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Live Reporting

By Karen Hoggan

All times stated are UK

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  1. Good night

    Test card image

    That's it for Thursday's Business Live - thank you for staying with us.

    We'll be back again at 06:00 tomorrow, so do join us again if you can to get all the news, views and analysis from the world of business, money and economics.

  2. VisitScotland to shut 39 tourist offices

    Portree's tourist information centre
    Image caption: Portree's visitor centre will be extended

    Nearly two-thirds of Scotland's tourist information centres are to close as part of "radical" plans to change the service.

    VisitScotland said 39 of its 65 centres would shut over the next two years, leaving 26 "high-impact regional hubs".

    Explaining the decision, VisitScotland said there had been a 58% drop in the number of tourists visiting their information centres over the past 10 years. Two out of three visitors to Scotland now get their information online, so they would be investing £10m in digital activity and the new regional hubs.

    Staff affected by the centre closures are to be offered redundancy packages or the chance of redeployment.

    The centre at Portree on Skye is one which will be extended into a regional hub.

    The centres and Edinburgh and Glasgow Airports will be among those due to close.

    Read more here including which centres will close and where the new hubs will be located.

  3. Bank woes drag down Wall Street

    What a difference a day makes.

    On Wednesday, all three key US share indexes hit record highs.

    On Thursday, they all closed lower, following lacklustre quarterly results from JP Morgan and Citigroup.

    The two banks beat profit and revenue estimates, but reported a fall in trading revenue. JP Morgan shares were down by 0.88%, while Citigroup lost 3.43%.

    The Dow Jones closed down 0.14% at 22,841.01, while the broader S&P 500 fell 0.17% to 2,550.93. The tech-heavy Nasdaq shed 0.18% to close at 6,591.51.

  4. Trump: Puerto Rico aid can't continue' forever'

    Damaged roads in Puerto Rico

    US President Donald Trump has griped about emergency relief efforts in hurricane-ravaged Puerto Rico, saying federal aid cannot continue "forever".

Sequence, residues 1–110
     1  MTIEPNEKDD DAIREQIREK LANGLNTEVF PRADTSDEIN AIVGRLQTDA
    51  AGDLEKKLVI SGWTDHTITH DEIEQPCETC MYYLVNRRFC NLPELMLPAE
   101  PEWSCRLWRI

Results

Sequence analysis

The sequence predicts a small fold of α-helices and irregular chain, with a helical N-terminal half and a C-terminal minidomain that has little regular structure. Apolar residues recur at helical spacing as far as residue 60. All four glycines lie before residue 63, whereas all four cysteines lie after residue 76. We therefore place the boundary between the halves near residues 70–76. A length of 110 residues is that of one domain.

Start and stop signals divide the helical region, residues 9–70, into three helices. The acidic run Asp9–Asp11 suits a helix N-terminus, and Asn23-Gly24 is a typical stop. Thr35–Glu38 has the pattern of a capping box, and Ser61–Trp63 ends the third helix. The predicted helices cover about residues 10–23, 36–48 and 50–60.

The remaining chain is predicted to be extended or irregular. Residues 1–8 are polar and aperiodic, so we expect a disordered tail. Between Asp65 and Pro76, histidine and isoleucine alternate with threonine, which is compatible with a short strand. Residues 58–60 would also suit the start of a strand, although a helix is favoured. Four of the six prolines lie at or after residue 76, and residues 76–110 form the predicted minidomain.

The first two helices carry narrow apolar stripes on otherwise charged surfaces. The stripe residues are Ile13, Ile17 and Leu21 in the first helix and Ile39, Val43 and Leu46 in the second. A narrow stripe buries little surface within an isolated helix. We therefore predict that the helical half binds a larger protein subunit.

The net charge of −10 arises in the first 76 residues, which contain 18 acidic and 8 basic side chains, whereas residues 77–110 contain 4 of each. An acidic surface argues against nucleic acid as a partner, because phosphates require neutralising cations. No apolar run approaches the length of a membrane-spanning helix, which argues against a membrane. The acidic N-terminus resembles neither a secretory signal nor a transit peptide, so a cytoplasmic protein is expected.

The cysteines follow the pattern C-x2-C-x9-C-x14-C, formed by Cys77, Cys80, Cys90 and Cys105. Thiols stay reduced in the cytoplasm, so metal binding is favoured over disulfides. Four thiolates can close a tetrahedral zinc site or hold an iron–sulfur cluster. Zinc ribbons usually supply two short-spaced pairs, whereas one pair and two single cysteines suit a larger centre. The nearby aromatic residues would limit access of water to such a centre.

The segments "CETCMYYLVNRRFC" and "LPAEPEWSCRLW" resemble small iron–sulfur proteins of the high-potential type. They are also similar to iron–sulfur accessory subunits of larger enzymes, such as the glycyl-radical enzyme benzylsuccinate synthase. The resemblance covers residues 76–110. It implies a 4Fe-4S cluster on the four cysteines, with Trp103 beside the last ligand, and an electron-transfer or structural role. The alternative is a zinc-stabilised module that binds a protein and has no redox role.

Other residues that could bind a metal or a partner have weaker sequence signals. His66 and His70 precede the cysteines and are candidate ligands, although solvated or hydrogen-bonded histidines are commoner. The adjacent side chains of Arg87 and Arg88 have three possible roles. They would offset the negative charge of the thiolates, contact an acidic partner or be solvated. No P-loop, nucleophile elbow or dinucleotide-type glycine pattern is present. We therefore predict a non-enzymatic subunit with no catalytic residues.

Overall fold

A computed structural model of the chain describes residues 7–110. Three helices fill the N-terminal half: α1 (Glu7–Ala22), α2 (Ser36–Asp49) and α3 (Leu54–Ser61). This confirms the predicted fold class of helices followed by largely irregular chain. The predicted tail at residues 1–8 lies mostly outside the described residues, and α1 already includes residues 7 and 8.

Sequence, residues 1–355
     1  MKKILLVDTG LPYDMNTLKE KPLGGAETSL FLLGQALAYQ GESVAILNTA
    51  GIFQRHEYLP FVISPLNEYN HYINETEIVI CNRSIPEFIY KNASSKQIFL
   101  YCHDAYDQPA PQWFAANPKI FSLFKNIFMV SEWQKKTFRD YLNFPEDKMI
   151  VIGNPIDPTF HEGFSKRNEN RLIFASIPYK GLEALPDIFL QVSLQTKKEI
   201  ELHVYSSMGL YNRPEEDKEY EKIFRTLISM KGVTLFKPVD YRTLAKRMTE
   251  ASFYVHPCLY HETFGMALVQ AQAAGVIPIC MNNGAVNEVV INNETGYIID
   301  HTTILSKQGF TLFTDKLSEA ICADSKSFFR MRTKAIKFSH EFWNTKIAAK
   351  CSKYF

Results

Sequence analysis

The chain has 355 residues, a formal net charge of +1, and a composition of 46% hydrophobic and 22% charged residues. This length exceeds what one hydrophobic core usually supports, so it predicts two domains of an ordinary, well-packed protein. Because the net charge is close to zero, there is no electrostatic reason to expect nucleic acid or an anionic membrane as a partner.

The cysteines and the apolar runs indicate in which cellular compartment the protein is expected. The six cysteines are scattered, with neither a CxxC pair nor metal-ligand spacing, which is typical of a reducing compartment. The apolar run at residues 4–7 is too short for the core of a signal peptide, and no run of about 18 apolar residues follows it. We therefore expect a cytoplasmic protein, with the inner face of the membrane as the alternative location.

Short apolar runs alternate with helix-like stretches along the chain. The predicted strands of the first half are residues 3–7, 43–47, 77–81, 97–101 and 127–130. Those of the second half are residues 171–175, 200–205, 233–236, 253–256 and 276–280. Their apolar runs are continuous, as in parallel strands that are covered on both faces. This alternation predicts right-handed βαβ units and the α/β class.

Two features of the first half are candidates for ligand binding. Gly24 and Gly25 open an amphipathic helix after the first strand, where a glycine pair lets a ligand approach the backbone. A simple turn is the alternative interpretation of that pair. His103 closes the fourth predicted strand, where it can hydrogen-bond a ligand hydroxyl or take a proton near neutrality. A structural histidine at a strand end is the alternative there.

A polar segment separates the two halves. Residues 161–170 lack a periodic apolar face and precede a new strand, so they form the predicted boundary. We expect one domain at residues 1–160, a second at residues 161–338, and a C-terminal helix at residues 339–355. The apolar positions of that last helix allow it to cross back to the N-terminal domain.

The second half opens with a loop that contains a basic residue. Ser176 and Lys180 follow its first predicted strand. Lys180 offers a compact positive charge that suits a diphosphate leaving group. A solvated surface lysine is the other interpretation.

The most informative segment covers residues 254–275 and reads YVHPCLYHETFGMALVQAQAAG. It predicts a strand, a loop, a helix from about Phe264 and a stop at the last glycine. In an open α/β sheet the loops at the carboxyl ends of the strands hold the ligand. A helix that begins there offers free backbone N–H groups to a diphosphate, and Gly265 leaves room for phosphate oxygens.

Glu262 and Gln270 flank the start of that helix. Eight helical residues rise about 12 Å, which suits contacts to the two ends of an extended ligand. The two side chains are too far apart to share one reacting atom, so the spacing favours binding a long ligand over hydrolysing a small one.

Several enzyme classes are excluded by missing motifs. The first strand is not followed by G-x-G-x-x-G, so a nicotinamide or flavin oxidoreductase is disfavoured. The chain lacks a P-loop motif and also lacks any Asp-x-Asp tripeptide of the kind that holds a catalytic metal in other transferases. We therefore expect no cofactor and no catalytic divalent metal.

In tweets, he accused Puerto Rico of a "total lack of accountability", adding that "electric and all infrastructure was disaster before hurricanes".

    The island, whose 3.4 million residents are US citizens, is 90% without power, some three weeks after Hurricane Maria.

    Congress is weighing a multi-billion dollar aid package for the territory.

    Lawmakers are expected to approve $36.5bn (£28bn) in emergency storm relief for Puerto Rico, Florida, Texas and the US Virgin Islands, as well as wildfire-ravaged California.

    In Thursday's tweets, the US president noted it was up to "Congress to decide how much to spend".

    But he added: "We cannot keep FEMA, the Military & the First Responders, who have been amazing (under the most difficult circumstances) in P.R. forever!" Read more here

  5. Rare Rolex fetches £230,000

    Rolex Oyster Perpetual Submariner Wristwatch in box

    A Rolex watch which was once rescued from a cement mixer has sold for £230,000 at auction.

    Auctioneers said the watch, which was originally purchased in 1965, was one of the "great rarities".

    Lockdales Auctioneers said bidders had flown over from Italy, the USA and the Netherlands to take part in Wednesday's sale at Martlesham Heath, Suffolk.

    Its estimated value was £8,000. The auctioneers said the market for vintage watches "seems to be very hot". Read full story here

  6. Sausage factory

    View more on twitter

    Who knew: Germany has around 1,200 different types of sausage - just one of the fascinating facts BBC Radio 4 has dug up.

    Frankfurters, Bratwurst, Munich Weisswurst and hundreds more. Germany’s varieties of sausage far outnumber the many kinds of French cheese.

    Current estimates suggest that France can now offer around 400 cheeses. This is still outnumbered three to one by German sausages. Read more here

  7. Goldman buys 'flipping' lender

    Natalie Sherman

    New York business reporter

    Goldman Sachs

    Home-flippers looking for cash to fuel their businesses have a new bank: Goldman Sachs.

    The Wall Street Journal reports that Goldman has purchased Los Angeles-based Genesis Capital, which provides short-term loans to investors that buy, renovate and quickly resell distressed, single-family homes.